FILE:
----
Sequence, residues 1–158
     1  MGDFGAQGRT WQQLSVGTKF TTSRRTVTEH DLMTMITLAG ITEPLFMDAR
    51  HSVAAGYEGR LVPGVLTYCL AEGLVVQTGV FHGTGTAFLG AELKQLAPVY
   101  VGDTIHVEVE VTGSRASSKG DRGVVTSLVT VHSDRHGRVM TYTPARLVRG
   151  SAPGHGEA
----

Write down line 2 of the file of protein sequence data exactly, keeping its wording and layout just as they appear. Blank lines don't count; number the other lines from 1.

     1  MGDFGAQGRT WQQLSVGTKF TTSRRTVTEH DLMTMITLAG ITEPLFMDAR